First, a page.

• Phenol injections are sometimes used in larger muscles, where botulinum toxin A would be ineffective. However, studies suggest that in most other cases the latter is more effective.[30]
  • Deep brain stimulation has proved to be beneficial in young people with severe dystonic quadriplegic cerebral palsy.
  • Stem cell therapy has been supported by anecdotal evidence but controlled trials are needed.
  • Physical methods of spasticity relief include heat, cold and vibration.
  • There is some evidence that cranial osteopathy and myofascial release can improve mobility in patients with moderate-to-severe cerebral palsy.[31]
  • Splinting can help to improve the range of movement of a joint; this can be particularly effective for ankle joints.
  • Complementary therapies are widely offered but there is very little evidence of effectiveness in the scientific literature.

Other issues

  • The psychological and physical health of carers should not be forgotten.
  • With improved care, the life expectancy of cerebral palsy patients is lengthening. The social and educational integration of young adults into the community is a matter of increasing importance.
  • Contractions.
  • Gastrointestinal symptoms and their sequelae - eg, reflux, oropharyngeal muscle disorders, failure to thrive and osteoporosis.
  • Pulmonary complications - eg, aspiration pneumonia and bronchopulmonary dysplasia.
  • Dental problems.
  • Moderate/severe learning difficulties (in 30-50% of patients associated with severe spastic quadriplegia).
  • Hearing loss (particularly seen where the secondary cause is hyperbilirubinaemia or exposure to ototoxic drugs).

Many patients with a mild form have a normal life expectancy. A child aged 2 years with mild palsy has a 99% chance of living to the age of 20, compared with a patient who has severe disease, where the figure can be as low as 40%.[32]A poor prognosis is associated with severe quadriplegia, epilepsy and general learning disability. [33]The introduction of tube feeding has reduced the incidence of oesophageal reflux and pneumonia but has had more of an impact on prognosis in children than in adults.[34]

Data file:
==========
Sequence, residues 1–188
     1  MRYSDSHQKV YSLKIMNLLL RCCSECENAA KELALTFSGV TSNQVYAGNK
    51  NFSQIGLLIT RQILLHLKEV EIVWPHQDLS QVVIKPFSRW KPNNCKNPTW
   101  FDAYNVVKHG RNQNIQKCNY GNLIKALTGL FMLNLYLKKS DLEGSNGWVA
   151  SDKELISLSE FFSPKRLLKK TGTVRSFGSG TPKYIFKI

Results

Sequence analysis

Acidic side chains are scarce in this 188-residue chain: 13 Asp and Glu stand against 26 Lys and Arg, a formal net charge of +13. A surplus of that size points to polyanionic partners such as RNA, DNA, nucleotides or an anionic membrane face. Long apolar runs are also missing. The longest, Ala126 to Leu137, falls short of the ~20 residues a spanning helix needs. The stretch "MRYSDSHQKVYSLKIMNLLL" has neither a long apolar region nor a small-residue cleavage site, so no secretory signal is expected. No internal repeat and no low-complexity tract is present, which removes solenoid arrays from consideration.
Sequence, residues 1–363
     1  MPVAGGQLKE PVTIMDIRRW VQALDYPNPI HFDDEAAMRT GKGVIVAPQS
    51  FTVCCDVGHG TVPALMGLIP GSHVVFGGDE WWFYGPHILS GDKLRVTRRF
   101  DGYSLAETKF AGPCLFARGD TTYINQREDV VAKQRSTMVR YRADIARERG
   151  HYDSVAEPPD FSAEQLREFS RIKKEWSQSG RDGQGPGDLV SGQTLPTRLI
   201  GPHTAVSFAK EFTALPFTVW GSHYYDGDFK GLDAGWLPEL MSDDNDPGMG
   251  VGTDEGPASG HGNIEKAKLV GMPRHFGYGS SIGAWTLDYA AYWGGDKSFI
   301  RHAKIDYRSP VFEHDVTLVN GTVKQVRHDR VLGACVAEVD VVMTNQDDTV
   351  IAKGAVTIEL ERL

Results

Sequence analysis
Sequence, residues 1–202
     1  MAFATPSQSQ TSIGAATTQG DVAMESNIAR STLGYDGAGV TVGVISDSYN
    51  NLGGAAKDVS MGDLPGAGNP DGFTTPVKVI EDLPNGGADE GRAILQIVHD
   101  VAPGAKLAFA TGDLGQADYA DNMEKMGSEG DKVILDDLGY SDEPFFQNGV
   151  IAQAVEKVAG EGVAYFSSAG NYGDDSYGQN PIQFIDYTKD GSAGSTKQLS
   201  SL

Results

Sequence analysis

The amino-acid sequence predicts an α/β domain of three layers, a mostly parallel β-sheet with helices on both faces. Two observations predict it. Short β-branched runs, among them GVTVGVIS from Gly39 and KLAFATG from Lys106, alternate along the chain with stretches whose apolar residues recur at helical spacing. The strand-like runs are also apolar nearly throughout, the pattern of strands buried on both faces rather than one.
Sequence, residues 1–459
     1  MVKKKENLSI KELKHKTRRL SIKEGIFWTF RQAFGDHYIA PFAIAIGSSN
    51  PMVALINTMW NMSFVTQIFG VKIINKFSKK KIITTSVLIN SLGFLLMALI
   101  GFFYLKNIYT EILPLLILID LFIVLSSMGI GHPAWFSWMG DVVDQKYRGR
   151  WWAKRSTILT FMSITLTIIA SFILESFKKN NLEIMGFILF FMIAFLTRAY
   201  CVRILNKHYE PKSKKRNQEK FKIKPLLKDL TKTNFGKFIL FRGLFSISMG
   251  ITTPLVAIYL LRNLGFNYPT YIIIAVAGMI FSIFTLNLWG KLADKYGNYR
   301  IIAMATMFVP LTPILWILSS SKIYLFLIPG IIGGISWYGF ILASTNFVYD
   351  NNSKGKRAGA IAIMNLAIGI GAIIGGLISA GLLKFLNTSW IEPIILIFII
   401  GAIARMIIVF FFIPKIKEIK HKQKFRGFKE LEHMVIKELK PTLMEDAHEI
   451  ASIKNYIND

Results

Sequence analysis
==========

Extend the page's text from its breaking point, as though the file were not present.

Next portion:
Studies suggest that a child able to sit up unaided and pull to a standing position at the age of 2 years will eventually achieve successful ambulation.[35]

Much has been done to reduce the incidence of cerebral palsy, including:[3]

  • The recognition and treatment of maternal iodine deficiency.
  • The prevention of kernicterus associated with rhesus isoimmunisation.
  • Techniques to reduce the rate of preterm births - eg:
    • Limiting the number of embryos transferred with in vitro fertilisation.
    • Smoking cessation during pregnancy.
    • Screening for and treatment of asymptomatic bacteriuria during pregnancy.
    • Antiplatelet drugs to prevent pre-eclampsia.
    • 17α-progesterone caproate and cervical cerclage for women with previous preterm birth and short cervix.
  • Treatments to prolong pregnancy in preterm labour - eg:
    • Calcium-channel blockers
    • Oxytocin antagonist (atosiban) for women with preterm labour.
    • Erythromycin for women with premature rupture of the membrane.

There is insufficient evidence to recommend the routine administration of magnesium sulfate to women at term for the neuroprotection of the newborn fetus.[36]

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Original Author:
Dr Laurence Knott
Current Version:
Dr Laurence Knott
Peer Reviewer:
Dr Adrian Bonsall
Document ID:
1657 (v25)
Last Checked:
24 February 2015
Next Review:
23 February 2020